• Continuous attention to technical excellence and good design enhances agility.
      • Simplicity -- the art of maximizing the amount of work not done -- is essential.
      • The best architectures, requirements, and designs emerge from self-organizing teams.
      • At regular intervals, the team reflects on how to become more effective , then tunes and adjusts its behavior accordingly.
    • 15.
      • Modularity - Modularity allows a process to be broken into activities.
      • Iterative - Things change. Short iterations allow us to adapt and respond to change.
      • Time-bound - Iterations are a perfect unit for planning the software development project.
      • Parsimony - Agile process focus on parsimony: they require the minimum number of activities necessary to mitigate risks and achieve their goals.
      • Adaptive - The agile process adapts to attack new risks.
      • Incremental - We don’t try to build the entire system at once. Instead we partition it into increments which can be developed in parallel.
      • Convergent - We actively attack all risks worth attacking.
      • People Oriented - Agile processes favor people over process and technology. People are empowered.
      • Collaborative - Agile processes foster communication among team members.
      • Frequent, Tangible, Working Results - Peter Coad
      Characteristics of Agile Miller, Granville G, “The Characteristics of Agile Software Processes”, http://faculty.salisbury.edu/~xswang/Research/Papers/SERelated/Agile/12510385.pdf
    • 16. Perficient’s Enable-M Methodology
    • 17.
      • Initially based on XP
      • Kent Beck was a consultant on initial implementation
      • Scrum and other agile frameworks, methodologies, and practices incorporated
      • Enhanced to support distributed projects
      • Additional rigor as required
        • by clients
        • to satisfy CMMI Level 5 practices
      Enable-M
    • 18.
      • Lack of User Input
      • Requirements & Specifications Issues
      • Lack of Executive Support
      • Technology Issues
      • Unrealistic Expectations or Time Frames
      • Unclear Objectives
      • [Abridged list from the Standish Group – Chaos Report - 2005]
      Why Projects Fail
    • 19. How do we use agile to address these issues?
    • 20.
      • On-site Customer
      • Dedicated Project/Product Owner
      • Collaboration/Communication
        • Onshore/offshore
      • Test-driven Requirements
        • Preferably customer developed acceptance tests (but not all that common)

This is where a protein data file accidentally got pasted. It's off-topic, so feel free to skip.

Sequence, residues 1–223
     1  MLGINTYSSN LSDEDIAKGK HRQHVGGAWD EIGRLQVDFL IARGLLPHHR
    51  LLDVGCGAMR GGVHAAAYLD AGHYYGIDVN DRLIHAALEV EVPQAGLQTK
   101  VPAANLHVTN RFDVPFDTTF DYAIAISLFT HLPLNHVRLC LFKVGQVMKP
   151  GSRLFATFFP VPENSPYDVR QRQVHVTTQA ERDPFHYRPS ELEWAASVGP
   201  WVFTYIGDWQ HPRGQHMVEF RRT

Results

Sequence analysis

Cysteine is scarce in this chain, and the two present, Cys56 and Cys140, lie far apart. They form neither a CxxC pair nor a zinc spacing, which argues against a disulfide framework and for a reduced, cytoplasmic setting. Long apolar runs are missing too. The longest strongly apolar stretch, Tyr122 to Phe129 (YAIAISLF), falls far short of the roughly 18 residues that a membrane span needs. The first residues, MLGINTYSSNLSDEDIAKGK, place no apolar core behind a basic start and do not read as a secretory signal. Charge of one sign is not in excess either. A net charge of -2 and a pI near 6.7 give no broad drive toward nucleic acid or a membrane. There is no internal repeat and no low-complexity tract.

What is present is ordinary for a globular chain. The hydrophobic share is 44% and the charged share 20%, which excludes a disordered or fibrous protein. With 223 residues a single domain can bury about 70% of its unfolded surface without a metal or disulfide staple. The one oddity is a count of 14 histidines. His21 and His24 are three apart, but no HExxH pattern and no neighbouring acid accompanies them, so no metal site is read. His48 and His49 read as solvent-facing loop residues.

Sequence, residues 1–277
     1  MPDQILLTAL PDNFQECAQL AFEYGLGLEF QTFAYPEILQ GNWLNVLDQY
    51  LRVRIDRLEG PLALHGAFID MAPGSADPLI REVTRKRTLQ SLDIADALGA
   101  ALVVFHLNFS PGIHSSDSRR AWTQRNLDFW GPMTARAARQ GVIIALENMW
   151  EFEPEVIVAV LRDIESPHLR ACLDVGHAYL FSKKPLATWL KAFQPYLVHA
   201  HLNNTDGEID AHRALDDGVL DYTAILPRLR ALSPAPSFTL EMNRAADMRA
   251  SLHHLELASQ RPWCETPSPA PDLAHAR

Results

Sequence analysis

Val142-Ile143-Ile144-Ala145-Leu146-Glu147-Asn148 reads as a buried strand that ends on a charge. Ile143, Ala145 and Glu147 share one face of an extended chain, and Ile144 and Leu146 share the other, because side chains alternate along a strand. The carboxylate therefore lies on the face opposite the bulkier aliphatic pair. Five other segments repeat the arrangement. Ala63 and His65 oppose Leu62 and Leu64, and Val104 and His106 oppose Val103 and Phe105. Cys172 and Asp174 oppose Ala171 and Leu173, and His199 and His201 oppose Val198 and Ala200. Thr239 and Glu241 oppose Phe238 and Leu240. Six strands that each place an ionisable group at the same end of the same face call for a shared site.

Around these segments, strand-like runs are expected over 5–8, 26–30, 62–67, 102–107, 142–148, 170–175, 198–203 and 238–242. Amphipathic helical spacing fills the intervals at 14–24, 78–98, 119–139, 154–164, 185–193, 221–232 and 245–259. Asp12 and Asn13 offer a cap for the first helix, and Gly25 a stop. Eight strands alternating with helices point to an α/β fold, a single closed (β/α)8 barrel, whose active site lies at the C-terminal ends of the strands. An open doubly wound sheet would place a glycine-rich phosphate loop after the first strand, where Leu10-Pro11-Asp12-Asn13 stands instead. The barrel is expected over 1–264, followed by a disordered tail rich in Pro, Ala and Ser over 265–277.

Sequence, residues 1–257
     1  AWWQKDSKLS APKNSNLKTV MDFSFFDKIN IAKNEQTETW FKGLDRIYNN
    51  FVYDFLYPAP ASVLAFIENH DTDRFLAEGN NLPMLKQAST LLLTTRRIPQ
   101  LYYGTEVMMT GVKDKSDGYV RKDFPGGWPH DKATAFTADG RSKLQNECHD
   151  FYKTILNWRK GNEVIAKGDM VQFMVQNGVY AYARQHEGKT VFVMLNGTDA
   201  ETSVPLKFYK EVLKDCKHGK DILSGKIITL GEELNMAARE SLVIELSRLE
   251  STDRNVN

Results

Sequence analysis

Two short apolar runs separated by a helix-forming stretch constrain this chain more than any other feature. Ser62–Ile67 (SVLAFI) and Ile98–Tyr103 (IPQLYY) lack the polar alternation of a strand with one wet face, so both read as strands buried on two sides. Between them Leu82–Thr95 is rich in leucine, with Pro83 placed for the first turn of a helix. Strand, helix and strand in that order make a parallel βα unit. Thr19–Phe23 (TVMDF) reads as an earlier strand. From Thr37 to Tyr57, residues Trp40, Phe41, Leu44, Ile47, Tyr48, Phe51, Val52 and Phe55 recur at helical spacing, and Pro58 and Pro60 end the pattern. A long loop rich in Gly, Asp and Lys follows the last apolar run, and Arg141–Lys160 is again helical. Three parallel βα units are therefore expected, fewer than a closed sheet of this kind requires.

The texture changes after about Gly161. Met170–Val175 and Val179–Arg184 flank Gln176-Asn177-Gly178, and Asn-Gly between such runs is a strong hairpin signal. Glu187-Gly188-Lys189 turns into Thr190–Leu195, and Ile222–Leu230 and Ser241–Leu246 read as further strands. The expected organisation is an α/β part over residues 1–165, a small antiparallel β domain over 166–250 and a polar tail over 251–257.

• Daily Stand-up Meetings
      • Daily e-communications
      • Iterative delivery
      • DEMO!!!!
      Lack of User Input
    • 21.
      • Tools
        • Project Wiki’s
        • Audio/video conferencing (recording when appropriate)
      • Web conference
        • Live DEMO!!!
      Lack of User Input
    • 22.
      • Test Driven Requirements
        • INVEST
      • Iterative development producing “Frequent, tangible, working results” (aka “Potentially Shippable Product) every iteration – coupled with demo
      • Iterative requirement discovery
      • Embrace change (No scope creep)
      • Onshore Business Analysts
        • No ‘over the wall’ projects
      • Demo, Demo, Demo
      Requirements & Specifications Issues
    • 23.
      • Tools
        • Low-fidelity (planning board, burn-down charts)
        • High-fidelity
          • GreenHopper
          • JIRA
          • Internal requirements coverage tool
            • Integrated with CI process
      • Communications
      Requirements & Specifications Issues
    • 24. Lack of Executive Support
      • Communications
        • Planned communications
          • Clear communications channels
          • Clear escalation paths and procedures
        • Weekly Project Management Office Report
          • Green, Yellow, Red
      • Tools
        • Wiki
        • Big, visible charts
      • Demos
    • 25. Technology Issues
      • Build a solid foundation in advance
      • Just-in-time training
        • Initial travel onsite (one location or the other) to bring team up-to-speed
      • Clear support channels
      • Building and leveraging outstanding partnerships
    • 26. Unrealistic Expectations or Time Frames
      • Collaborative planning
        • Client participates in planning process
        • Agile ‘planning poker’ process when possible
        • Team commits to schedule – commitment driven iterations
      • Knowing to say No
        • Factoring in quality
        • Support from historical data
      • Transparency and Trust
        • Initial on-site work, especially with new clients
    • 27. Unclear Objectives
      • (Limited) Up-front Requirements analysis and Design
        • Big picture view
      • Test Driven Work
      • Embracing change
        • Detailed objectives may change with time
      • Inspect and Adapt
        • Provide frequent opportunities to make minor course adjustments
    • 28.
      • Some answers can be found in a report delivered at the Agile 2006 International Conference
        • Distributed Scrum: Agile Project Management with Outsourced Development Teams
        • Agile 2006 International Conference
        • Jeff Sutherland, Anton Viktorov, Jack Blount
      • They advocate:
        • Cross functional teams that are relatively autonomous
        • Daily stand-up meetings help break down cultural barriers and disparities in work styles
        • Scrum-of-Scrums where team representatives meet regularly (from all locations)
      Distributed teams best practices
    • 29.
      • Daily meetings of all developers from multiple sites
      • Augmented e-communications (Wiki, recordings, web-conferences, etc.)
      • Frequent, automated builds from a single repository
      • No distinction between developers at different sites on the same team
      • Seamless integration of XP practices
      Distributed teams best practices (continued)
    • 30.
      • What are the most important Agile characteristics required for a successful project?
    • 31.
      • Great people!
    • 32.
      • Communication
    • 33.
      • Quality
      • Test Driven Requirements
      • Test Driven Development
      • Automated/CI integrated Unit and Functional Testing
    • 34.
      • Delivery!
      • Delivering “Frequent, tangible, working results” every iteration.
    • 35. Does it work?
      • Yes!
      • 30+ satisfied clients, many with repeat business can’t be wrong.
    • 36.
      • Q&A